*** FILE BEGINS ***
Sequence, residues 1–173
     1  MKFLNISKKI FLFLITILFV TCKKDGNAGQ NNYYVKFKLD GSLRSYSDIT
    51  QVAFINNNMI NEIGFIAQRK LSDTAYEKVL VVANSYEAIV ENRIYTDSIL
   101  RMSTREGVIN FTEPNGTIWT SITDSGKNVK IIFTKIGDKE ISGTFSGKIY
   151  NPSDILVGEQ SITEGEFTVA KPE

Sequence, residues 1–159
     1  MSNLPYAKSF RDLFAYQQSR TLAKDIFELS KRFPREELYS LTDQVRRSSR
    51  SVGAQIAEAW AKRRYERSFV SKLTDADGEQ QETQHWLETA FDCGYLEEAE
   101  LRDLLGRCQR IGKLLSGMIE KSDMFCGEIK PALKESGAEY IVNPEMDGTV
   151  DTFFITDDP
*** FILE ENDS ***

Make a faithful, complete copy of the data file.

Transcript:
Sequence, residues 1–173
     1  MKFLNISKKI FLFLITILFV TCKKDGNAGQ NNYYVKFKLD GSLRSYSDIT
    51  QVAFINNNMI NEIGFIAQRK LSDTAYEKVL VVANSYEAIV ENRIYTDSIL
   101  RMSTREGVIN FTEPNGTIWT SITDSGKNVK IIFTKIGDKE ISGTFSGKIY
   151  NPSDILVGEQ SITEGEFTVA KPE

Sequence, residues 1–159
     1  MSNLPYAKSF RDLFAYQQSR TLAKDIFELS KRFPREELYS LTDQVRRSSR
    51  SVGAQIAEAW AKRRYERSFV SKLTDADGEQ QETQHWLETA FDCGYLEEAE
   101  LRDLLGRCQR IGKLLSGMIE KSDMFCGEIK PALKESGAEY IVNPEMDGTV
   151  DTFFITDDP